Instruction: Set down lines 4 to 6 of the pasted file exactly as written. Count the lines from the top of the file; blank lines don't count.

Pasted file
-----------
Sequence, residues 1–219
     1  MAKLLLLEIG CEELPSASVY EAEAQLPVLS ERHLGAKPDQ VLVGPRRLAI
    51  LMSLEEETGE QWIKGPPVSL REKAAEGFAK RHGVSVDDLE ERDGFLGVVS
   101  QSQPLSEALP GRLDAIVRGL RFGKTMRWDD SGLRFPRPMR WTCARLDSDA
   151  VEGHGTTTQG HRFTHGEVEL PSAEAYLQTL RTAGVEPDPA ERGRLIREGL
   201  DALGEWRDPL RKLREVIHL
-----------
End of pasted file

   101  QSQPLSEALP GRLDAIVRGL RFGKTMRWDD SGLRFPRPMR WTCARLDSDA
   151  VEGHGTTTQG HRFTHGEVEL PSAEAYLQTL RTAGVEPDPA ERGRLIREGL
   201  DALGEWRDPL RKLREVIHL